Touch Typing For All, No Peeking Needed

Pamela Rogow, for the Shuttle

It’s in the family: Jordan Guy-Mozenter is Dorothy Guy’s grandson. Back in the day, Weavers Way founder Guy was a Selectric mechanic.

For two years in a row, during junior-high summer school (c. 1964), I took Typing, I and then II. We learned on typewriters, wrote side notes about Ringo Starr, and did our best to learn this skill. 

I’ve put “Touch Typing” to use ever since. As I write this, I am spared needing to peek at the keyboard; my fingers know their job as instinctively as athletes know where to aim a ball. 

Over the years, touch typing allowed me to interview countless people while maintaining eye contact. It gave me speed and accuracy in taking notes or composing stories, letters, contracts and more. It focused my mind.

To write this, unfortunately, I am looking at a video screen.

When I relied only on a typewriter, I was a better writer; the combination of touch and “typewriter-ing” fosters “doing your best.” Mistakes count more on a typewriter. You want to write the fewest number of drafts. No “delete”. No cut-and-paste. No postponing.

I learned to pay deeper attention than I do now when I rely on a computer. And that’s the mental habit I want to cultivate when I teach “Touch Typing & Typewriters” for kids and for adults. It’s fun to learn on a typewriter, and the skill translates to keyboards.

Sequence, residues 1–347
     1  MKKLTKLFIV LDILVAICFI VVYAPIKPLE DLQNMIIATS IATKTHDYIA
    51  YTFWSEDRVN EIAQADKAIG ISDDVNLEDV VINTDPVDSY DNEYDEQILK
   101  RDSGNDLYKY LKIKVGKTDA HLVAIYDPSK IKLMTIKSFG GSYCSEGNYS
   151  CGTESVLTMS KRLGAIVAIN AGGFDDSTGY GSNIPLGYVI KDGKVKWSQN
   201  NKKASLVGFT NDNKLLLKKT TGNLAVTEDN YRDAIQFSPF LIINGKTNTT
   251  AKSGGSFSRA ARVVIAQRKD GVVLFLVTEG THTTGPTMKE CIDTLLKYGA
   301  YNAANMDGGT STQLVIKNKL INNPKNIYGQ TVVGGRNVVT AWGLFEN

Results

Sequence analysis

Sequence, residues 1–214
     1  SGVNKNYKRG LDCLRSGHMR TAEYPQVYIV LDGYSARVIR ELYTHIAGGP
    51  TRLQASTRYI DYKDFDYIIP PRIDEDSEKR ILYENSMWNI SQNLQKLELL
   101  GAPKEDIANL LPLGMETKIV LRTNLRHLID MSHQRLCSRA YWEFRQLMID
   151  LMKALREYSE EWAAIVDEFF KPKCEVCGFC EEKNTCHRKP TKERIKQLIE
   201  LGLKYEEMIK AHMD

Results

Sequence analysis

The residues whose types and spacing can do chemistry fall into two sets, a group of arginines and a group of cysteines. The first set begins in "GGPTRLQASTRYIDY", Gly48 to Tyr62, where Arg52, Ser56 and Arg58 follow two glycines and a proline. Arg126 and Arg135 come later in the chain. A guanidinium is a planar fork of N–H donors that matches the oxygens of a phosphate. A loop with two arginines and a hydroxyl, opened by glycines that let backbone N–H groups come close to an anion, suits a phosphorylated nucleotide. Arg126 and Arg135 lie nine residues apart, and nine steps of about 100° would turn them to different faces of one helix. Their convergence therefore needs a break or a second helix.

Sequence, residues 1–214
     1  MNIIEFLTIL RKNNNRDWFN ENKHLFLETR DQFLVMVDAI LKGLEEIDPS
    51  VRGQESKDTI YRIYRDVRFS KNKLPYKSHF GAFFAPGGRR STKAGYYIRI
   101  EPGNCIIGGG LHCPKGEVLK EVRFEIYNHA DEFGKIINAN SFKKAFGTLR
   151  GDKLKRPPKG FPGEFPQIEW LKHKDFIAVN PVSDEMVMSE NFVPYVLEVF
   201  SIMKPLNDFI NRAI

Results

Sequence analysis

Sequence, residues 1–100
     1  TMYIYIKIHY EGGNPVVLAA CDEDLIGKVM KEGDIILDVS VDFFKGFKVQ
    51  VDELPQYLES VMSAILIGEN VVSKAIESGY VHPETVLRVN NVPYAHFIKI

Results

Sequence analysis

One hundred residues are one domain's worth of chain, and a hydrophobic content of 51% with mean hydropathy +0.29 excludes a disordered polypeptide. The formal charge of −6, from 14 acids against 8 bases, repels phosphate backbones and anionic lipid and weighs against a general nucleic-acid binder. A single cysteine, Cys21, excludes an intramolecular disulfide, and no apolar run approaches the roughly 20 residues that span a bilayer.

Classes start in April for kids and May for adults at the WPM (“Words Per Minute”) Typewriter Shop, at the corner of Greene Street and Carpenter Lane, across the street from Weavers Way in Mt Airy.

The muscle memory cultivated in the class fosters speed, accuracy and the ability to do interviews while maintaining eye contact, and to take notes without your head playing ping pong. Typewriting also fosters the mental habit of doing one’s best. This is not insignificant. And the touch typing skills you practice on a typewriter transfer to computer keyboarding.

All the more fun to learn on real typewriters, the skill is transferable to computer keyboards. Fee: $40-44 for four lessons. For details, see or call 267 974 0792.